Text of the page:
Fecal incontinence, also called bowel or anal incontinence, is the inability to control bowel movements. This causes an unintentional passing of solid or liquid stool or mucus from the rectum. The National Digestive Diseases Information Clearinghouse (NDDIC) estimates that 18 million+ people in the US suffer from fecal incontinence. It can occur at any age, but it is more common in those over 50 years old. It is also slightly more prevalent among females.
Common causes of fecal incontinence include diarrhea, constipation, and muscle or nerve damage associated with age or giving birth. Nerve damage can also occur among those with diabetes, multiple sclerosis, or back trauma from surgery or injury. Weak anal sphincter muscles or poor sensation in the rectum can contribute to fecal incontinence.
The following conditions increase the risk of fecal incontinence:
- Muscle damage or weakness
- Inability to hold a bowel movement before reaching the toilet
- Nerve damage
- Inability to control the passing of gas/stools
- Gas or bloating
- Loss of storage capacity in the rectum
- Rectal prolapse
- Pelvic floor dysfunction
In addition to a digital rectal exam, our specialists may use the following tests to determine the cause of fecal incontinence:
- Balloon expulsion test – Measures the time it takes to push out a balloon filled with water from the rectum.
- Anorectal manometry – Measures the tightness of the sphincter and sensitivity and functioning of the rectum.
- Proctography – Takes x-ray images during a bowel movement on a specially designed toilet.
- Colonoscopy – Views the entire colon.
- MRI – Determines if the sphincter muscles are intact and to provide images during defecation (defecography).
Reducing constipation, controlling diarrhea, and avoiding straining are all initial noninvasive methods of treating fecal incontinence. Treatments may include one or more of the following:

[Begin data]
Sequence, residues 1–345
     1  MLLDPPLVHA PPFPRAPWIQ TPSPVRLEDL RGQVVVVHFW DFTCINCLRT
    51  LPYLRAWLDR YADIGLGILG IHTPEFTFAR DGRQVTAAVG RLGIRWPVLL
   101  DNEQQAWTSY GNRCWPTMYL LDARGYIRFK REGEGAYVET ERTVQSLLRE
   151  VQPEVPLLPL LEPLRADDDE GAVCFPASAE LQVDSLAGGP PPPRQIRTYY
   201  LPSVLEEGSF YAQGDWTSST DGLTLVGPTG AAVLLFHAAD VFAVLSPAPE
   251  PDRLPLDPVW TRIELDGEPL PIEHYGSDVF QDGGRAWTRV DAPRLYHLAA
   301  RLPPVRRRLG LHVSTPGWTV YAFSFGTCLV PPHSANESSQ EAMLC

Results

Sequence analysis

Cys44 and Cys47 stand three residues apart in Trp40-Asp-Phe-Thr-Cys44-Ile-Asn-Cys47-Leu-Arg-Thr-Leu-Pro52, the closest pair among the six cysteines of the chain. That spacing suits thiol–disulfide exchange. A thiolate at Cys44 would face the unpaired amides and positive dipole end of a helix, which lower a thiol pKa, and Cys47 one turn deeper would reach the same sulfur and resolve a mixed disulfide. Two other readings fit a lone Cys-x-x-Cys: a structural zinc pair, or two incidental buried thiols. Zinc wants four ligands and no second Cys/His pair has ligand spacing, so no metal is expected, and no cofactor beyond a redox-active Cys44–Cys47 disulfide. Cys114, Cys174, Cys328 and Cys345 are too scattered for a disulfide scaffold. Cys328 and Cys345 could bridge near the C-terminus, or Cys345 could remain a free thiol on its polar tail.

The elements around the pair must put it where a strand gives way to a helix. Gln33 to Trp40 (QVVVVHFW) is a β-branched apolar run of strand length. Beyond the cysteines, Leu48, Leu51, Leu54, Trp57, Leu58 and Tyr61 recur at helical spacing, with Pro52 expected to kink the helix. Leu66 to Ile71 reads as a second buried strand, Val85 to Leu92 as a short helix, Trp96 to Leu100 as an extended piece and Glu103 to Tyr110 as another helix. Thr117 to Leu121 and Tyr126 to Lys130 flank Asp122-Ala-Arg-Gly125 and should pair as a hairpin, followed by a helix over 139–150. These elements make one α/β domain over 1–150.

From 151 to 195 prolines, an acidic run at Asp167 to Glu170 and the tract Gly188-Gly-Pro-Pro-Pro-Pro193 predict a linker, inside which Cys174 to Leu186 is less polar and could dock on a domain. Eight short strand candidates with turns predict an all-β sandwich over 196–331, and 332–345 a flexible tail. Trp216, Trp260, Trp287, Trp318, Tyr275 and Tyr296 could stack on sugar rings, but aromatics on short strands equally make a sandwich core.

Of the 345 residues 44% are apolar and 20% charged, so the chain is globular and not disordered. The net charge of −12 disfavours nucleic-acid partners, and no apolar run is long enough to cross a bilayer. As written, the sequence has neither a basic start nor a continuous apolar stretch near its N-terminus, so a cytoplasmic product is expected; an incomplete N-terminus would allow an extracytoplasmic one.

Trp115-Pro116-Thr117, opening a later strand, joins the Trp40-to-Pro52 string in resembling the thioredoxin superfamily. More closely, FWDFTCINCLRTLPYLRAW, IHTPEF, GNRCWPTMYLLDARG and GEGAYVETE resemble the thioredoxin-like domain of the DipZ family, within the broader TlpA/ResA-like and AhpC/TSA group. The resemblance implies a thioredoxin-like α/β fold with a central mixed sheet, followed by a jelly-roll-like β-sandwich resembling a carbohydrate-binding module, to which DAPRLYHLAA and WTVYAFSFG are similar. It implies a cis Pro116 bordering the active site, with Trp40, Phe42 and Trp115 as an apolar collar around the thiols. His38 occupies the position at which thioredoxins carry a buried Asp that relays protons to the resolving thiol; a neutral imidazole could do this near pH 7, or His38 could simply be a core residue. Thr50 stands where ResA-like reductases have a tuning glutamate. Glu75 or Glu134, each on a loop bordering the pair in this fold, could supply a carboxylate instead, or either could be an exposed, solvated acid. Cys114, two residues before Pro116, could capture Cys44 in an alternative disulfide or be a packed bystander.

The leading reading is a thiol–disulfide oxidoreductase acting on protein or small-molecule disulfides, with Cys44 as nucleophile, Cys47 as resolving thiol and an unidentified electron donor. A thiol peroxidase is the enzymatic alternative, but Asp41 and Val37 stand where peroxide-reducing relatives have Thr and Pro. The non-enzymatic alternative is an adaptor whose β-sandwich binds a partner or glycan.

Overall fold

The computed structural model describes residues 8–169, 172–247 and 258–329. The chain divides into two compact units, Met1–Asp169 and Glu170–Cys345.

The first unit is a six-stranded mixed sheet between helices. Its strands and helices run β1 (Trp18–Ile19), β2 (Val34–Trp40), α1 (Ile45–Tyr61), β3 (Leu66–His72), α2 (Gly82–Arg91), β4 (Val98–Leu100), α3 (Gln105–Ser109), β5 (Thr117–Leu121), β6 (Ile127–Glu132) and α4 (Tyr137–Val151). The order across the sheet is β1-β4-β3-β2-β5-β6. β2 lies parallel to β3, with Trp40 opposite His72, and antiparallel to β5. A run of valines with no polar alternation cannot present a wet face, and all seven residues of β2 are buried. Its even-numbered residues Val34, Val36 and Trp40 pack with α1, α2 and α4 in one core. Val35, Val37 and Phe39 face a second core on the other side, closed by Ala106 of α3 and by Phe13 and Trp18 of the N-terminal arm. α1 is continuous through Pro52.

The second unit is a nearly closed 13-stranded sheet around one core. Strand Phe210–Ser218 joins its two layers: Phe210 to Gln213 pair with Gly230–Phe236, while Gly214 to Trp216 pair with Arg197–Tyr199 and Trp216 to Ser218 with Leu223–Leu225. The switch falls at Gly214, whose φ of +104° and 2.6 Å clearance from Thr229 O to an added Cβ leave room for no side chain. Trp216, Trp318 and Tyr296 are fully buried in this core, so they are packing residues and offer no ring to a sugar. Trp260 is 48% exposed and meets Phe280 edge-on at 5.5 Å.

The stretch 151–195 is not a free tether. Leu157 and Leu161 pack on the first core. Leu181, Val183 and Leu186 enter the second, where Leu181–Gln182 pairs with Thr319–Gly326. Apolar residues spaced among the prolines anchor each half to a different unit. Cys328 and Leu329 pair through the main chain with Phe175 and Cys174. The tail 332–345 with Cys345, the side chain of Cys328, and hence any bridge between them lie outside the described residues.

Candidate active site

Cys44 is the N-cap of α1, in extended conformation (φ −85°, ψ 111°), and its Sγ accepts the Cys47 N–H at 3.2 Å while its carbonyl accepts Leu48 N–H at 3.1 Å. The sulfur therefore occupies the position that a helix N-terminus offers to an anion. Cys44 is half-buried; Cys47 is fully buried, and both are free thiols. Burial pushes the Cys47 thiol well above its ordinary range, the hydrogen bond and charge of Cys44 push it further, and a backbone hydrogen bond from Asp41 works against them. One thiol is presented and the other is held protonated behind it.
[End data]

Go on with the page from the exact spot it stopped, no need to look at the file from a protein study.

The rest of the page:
- Eating, Diet, Nutrition – Food affects stool consistency and how quickly it passes through the digestive system. Eating the correct amount of fiber is important because fiber adds bulk to stool, making it softer and easier to control. Drinking sufficient fluids may help prevent constipation although beverages containing caffeine may cause diarrhea. A food diary helps determine the best diet.
- Medications – Bulk laxatives (e.g., Citrucel, Metamucil) help develop regular bowel patterns. Antidiarrheal medications (loperamide, diphenoxylate) slow down the bowels for better control.
- Pelvic Floor Exercises – These strengthen the pelvic floor muscles for improved bowel control. Biofeedback therapy that uses sensors to tell if patients are using the correct muscles may prove helpful.
- Bowel Training – Developing a regular bowel movement pattern can help relieve fecal incontinence.
- Surgery – Surgery is particularly helpful if injury has occurred in the pelvic floor or sphincter muscles. Sphincteroplasty is the most common surgery during which the separated ends of the sphincter muscle are reconnected.
- Sacral Neuromodulation (SNM) – This treatment manages symptoms of fecal incontinence for those not having success with more conservative treatments. SNM stimulates the sacral nerves, which control the bladder and bowel and muscles related to urinary and bowel function. If the brain and sacral nerves do not communicate correctly, the nerves will not tell the bladder or bowel to function properly. SNM targets this communication problem by stimulating the nerves with mild electrical impulses.